The same pattern is repeated if we look at the trend for unadjusted responses below (undecided voters are not plotted on our graph), although here support for the Yes and No camps is even closer. There is some suggestion here that Yes has surged by winning over “don’t knows” rather than converting No supporters; Yes has risen by a good deal more than No has dropped. However, the current balance of opinion suggests that Yes will either have to win a large majority of the remaining undecided or convert some No votes to its camp in the final few days.
As mentioned above, our method also makes it possible to estimate the “house effect” for the survey responses for each polling company, relative to the Yes and No figures we would expect from the average pollster. That is, it tells us simply whether the reported share of responses for Yes, No and Don’t Knows is above or below the industry average. This does not indicate “accuracy”, since there is no final vote against which to benchmark the accuracy of the polls. It could be, in fact, that pollsters at one end of the extreme or the other are giving a more accurate picture of voters’ intentions – but the final vote is the only real test, and even that is imperfect. In the table below, we report all companies’ support for the Yes and No camps (and for don’t knows) relative to the median pollster.
Table: House effects of independence pollsters relative to median pollster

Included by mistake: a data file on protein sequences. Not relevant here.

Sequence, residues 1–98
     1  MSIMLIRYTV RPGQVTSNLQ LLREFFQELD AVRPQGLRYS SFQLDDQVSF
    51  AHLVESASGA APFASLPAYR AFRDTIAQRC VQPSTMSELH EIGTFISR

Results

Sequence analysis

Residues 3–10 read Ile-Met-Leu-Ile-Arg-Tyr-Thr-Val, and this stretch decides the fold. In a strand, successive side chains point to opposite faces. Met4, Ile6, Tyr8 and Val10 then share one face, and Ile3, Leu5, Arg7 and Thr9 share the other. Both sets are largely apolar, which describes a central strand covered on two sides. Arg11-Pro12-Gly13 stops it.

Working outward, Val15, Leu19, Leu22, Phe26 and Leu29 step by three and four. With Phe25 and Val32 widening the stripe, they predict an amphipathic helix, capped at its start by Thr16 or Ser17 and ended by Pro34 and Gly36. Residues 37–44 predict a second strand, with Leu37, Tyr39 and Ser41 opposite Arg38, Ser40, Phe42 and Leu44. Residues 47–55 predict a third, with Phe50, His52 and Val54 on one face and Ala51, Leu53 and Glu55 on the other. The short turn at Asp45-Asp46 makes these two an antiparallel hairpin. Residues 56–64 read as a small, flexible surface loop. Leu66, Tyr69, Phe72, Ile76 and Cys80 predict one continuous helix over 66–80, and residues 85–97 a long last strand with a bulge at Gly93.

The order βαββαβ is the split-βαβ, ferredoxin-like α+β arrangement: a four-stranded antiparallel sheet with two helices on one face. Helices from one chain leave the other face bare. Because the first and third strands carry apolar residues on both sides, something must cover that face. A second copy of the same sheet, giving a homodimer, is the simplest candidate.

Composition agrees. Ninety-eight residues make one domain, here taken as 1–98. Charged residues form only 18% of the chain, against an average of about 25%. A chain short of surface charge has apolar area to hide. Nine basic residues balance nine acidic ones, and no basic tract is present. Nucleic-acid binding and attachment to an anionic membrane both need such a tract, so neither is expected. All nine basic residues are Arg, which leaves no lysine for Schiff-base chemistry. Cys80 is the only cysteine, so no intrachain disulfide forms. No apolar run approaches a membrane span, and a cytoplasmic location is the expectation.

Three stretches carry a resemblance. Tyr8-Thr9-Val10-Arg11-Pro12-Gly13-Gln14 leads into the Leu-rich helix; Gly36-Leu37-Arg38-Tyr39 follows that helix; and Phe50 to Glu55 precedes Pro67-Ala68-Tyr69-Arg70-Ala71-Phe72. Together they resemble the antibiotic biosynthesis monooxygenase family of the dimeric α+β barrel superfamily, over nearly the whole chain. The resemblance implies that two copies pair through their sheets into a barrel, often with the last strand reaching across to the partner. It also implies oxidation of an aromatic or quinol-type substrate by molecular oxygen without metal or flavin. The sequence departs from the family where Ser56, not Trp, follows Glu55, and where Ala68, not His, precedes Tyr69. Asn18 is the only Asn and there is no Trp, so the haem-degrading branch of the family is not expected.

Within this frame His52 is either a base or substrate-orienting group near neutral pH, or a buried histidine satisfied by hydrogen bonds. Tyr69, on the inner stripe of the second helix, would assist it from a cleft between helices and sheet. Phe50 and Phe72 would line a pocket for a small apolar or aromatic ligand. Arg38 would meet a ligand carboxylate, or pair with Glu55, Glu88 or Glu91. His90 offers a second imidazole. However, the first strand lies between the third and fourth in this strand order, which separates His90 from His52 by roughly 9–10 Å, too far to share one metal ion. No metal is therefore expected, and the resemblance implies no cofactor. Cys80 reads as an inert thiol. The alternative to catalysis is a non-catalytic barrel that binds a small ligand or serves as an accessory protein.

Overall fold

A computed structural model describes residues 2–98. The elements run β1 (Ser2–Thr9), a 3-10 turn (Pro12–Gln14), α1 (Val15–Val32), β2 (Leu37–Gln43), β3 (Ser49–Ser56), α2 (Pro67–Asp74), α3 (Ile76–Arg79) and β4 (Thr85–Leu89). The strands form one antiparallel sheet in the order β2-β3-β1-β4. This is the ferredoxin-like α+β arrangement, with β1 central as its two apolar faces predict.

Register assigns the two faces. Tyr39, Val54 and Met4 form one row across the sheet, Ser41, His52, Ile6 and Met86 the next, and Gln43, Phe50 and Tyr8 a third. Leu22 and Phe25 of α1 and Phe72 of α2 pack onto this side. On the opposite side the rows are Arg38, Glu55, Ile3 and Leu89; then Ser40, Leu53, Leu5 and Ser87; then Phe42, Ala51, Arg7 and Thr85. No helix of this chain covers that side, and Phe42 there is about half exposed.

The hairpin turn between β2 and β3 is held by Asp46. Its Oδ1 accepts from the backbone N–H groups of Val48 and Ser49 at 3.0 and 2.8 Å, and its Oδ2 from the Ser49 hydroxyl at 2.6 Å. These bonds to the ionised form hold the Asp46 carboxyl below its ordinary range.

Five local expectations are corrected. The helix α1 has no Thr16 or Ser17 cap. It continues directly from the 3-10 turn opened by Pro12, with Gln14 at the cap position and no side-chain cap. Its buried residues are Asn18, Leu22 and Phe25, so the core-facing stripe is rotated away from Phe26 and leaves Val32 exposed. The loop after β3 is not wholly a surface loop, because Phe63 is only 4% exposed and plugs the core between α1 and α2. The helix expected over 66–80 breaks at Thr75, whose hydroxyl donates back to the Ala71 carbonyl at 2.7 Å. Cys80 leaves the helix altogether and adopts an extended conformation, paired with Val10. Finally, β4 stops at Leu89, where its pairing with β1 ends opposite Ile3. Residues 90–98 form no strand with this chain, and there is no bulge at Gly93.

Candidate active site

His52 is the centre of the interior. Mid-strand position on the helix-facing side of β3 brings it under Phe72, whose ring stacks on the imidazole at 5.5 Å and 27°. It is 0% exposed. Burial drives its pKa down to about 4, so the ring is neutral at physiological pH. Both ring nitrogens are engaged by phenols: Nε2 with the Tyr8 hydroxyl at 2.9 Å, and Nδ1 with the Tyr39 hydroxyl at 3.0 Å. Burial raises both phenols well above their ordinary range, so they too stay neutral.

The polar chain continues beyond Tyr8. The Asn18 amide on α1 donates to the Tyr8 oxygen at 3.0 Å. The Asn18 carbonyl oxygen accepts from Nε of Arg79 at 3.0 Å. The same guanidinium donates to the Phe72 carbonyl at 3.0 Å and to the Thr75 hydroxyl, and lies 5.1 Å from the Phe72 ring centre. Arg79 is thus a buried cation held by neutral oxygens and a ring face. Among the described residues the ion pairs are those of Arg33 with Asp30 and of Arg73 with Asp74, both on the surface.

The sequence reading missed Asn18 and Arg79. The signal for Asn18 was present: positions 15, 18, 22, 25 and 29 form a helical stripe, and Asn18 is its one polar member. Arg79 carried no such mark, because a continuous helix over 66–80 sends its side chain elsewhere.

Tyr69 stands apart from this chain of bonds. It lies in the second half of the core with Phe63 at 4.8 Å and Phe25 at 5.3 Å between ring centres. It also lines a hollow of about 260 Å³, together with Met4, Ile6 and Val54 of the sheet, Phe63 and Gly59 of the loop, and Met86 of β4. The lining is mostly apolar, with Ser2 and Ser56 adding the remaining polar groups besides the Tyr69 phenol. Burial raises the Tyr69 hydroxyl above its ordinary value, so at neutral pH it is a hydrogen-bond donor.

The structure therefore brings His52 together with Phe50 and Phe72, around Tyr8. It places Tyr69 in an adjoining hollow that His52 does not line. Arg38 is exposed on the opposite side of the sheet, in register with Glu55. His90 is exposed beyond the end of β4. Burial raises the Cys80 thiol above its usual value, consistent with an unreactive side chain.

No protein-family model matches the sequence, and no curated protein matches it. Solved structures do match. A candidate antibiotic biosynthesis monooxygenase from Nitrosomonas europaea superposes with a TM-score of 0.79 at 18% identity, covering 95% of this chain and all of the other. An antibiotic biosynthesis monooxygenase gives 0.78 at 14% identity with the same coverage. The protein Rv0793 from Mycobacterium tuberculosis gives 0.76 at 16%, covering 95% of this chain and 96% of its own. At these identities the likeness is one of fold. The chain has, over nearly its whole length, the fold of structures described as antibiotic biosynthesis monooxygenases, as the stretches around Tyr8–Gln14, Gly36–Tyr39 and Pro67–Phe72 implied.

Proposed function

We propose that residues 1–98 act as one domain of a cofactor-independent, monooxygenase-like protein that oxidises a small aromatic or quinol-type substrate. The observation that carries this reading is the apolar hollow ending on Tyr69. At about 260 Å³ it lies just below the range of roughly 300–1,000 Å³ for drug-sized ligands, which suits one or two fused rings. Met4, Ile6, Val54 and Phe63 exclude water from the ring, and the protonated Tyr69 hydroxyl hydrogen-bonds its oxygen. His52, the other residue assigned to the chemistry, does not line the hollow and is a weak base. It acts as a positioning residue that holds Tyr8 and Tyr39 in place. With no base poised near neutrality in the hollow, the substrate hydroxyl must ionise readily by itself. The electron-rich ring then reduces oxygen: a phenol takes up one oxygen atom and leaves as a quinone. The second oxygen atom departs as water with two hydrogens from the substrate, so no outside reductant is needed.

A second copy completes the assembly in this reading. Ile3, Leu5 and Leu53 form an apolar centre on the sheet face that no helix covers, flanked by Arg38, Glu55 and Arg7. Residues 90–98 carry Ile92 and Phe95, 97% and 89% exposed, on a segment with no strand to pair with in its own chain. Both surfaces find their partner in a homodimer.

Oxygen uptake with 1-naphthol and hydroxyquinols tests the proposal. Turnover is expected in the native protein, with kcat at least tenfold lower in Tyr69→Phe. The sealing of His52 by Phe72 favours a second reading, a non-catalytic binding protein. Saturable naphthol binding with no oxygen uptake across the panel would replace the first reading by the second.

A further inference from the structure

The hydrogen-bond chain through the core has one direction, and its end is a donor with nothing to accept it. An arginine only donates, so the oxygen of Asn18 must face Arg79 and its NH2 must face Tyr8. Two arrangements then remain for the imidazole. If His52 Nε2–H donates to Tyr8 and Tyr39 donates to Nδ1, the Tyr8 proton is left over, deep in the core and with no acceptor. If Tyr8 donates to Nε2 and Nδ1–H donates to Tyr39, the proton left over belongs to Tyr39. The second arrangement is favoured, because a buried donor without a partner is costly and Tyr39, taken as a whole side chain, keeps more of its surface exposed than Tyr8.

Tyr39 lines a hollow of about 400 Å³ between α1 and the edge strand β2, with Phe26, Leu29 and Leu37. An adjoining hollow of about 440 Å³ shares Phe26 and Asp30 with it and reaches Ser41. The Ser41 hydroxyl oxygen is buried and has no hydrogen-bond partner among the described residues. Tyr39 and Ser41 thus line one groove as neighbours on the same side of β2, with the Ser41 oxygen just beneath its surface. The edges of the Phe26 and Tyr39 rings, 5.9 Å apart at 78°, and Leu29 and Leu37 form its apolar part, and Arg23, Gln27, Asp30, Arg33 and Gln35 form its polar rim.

Our estimates show substantial differences across polling houses. While YouGov (+4.6) and Ipsos-MORI (+6.5) tend to report higher responses for the No camp, Panelbase (+4.4) and Survation (+1.5) tend to show higher numbers for the Yes camp. Interestingly, TNS-BRMB, which is the only polling company to carry out face-to-face surveys about the referendum, report lower responses for both the Yes and No camps, and a much higher proportion of undecided voters.
With less than a week now until Scotland goes to the polls, and with the campaign raging on as big hitters on both sides of the border fight it out, there is still time for late movements in public opinion. A lot will also depend on the turnout – voter registration for the referendum is exceptionally high at over 97% – well above the 85% registration rates typically seen in other elections. Figuring out how these less politically engaged voters will behave, and how many will cast a ballot, is an unusual challenge for both pollsters and the campaigns and campaigners themselves.
One thing we know for certain is that opinion is closely divided. We should therefore exercise even more caution when digesting the latest shift in the polls from Yes to No or No to Yes. Everyone engaged with this passionate debate will be keen to read their own preferences into every tremor of public opinion, which means now more than ever we must keep in mind than many of the small moves in coming days will be nothing more than the random fluctuations in patterns of response that are an inherent part of opinion polling. When the result is tight enough to be within the margin of error, polls showing Yes at 49% and 51% amount to the same thing.
In the words of one recently retired Scottish football manager (who has declared himself firmly in the No camp), it’s “squeaky bum time”.